On 2 July 2019, a total solar eclipse will be visible from the South Pacific, falling over land for some parts of Chile and Argentina, with other South American countries enjoying a partial eclipse.
Total solar eclipses occur thanks to the fact that the Moon’s average distance from Earth is just right for it to appear as the same size in the sky as the significantly larger and more distant Sun. When the Moon slides directly between Earth and the Sun it appears to cover our star completely, temporarily blocking out its light and creating a total solar eclipse for those along the narrow path cast by the Moon’s shadow.
From space, ESA’s Proba-2 satellite, which orbits Earth 14.5 times per day, will capture four partial eclipses as it dips in and out of the Moon’s shadow; a simulated view of what is expected 2 July is seen in the animation shown here. Click here to see how Proba-2 observed two partial eclipses during last year’s celestial event.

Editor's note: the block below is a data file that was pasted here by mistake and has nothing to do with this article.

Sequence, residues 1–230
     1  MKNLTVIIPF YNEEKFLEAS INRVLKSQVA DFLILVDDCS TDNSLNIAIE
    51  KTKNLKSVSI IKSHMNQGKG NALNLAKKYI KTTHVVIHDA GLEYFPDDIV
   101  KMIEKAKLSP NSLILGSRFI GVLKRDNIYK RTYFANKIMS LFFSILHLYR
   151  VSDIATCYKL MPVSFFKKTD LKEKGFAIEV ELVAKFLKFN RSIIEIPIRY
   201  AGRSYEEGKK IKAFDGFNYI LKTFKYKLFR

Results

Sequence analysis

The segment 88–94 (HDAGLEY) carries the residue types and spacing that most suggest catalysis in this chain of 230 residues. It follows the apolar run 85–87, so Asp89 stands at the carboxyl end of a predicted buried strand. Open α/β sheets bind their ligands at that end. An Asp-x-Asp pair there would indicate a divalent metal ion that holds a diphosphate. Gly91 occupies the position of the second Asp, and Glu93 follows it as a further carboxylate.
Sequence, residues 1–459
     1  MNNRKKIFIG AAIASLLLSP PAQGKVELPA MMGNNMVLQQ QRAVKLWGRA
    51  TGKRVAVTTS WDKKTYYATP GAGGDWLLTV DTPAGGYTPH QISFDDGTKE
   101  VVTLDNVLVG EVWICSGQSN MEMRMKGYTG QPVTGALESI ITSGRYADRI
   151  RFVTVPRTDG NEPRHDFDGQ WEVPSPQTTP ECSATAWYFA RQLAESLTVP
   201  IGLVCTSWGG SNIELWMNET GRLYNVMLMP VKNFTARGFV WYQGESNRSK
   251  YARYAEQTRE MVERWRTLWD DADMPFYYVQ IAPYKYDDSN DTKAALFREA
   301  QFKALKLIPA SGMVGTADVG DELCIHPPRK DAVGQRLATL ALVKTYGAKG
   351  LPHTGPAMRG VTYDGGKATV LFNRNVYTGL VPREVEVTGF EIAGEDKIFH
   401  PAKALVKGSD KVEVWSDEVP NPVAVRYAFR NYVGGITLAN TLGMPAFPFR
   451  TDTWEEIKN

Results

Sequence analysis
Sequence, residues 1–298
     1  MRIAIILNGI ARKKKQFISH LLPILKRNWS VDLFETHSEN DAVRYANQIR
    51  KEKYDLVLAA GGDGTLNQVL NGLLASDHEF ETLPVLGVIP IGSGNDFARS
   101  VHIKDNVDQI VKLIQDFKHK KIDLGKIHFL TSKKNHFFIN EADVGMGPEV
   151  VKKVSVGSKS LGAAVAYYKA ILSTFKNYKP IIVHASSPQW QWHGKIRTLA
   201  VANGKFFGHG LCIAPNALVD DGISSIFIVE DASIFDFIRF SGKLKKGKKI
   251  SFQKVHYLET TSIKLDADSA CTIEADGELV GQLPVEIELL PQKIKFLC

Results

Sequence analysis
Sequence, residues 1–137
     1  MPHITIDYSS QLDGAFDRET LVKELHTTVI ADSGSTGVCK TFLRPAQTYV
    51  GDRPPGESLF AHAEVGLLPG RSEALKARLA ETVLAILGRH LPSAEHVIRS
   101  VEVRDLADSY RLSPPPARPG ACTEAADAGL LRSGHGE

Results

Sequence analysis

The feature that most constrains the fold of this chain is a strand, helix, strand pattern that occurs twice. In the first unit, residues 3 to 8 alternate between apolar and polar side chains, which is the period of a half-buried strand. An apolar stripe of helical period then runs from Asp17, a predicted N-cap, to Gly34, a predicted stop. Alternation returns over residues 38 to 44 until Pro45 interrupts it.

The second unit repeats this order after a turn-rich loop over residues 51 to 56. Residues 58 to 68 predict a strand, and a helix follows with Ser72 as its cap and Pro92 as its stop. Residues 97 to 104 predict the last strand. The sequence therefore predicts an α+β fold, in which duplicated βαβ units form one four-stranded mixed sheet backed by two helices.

Back on Earth, a group of ESA astronomers from the CESAR educational initiative will be observing the eclipse from the European Southern Observatory’s La Silla Observatory in Chile. The team is one of a small group selected to perform astronomical observations for science and outreach purposes during the eclipse.
The eclipse will start just before 15:24 local time at ESO (21:24 CEST) and will conclude at around 17:47, just before sunset (23:47 CEST).
ESO aims to provide a live webcast of the eclipse, should weather conditions be favourable and internet broadband perform as expected. The CESAR team also plan to provide live coverage as well as share images during and after the celestial event.